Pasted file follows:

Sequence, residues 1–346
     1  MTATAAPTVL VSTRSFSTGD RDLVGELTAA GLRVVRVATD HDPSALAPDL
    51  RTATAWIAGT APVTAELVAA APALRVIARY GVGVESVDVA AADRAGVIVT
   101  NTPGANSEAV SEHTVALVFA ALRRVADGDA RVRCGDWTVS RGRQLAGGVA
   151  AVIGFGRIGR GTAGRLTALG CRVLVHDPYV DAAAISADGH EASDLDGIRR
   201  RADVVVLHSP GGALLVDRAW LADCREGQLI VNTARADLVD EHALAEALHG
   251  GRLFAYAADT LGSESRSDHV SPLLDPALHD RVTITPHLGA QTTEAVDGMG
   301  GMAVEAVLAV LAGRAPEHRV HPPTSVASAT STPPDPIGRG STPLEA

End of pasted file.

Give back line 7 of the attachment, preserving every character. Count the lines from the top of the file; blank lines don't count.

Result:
   251  GRLFAYAADT LGSESRSDHV SPLLDPALHD RVTITPHLGA QTTEAVDGMG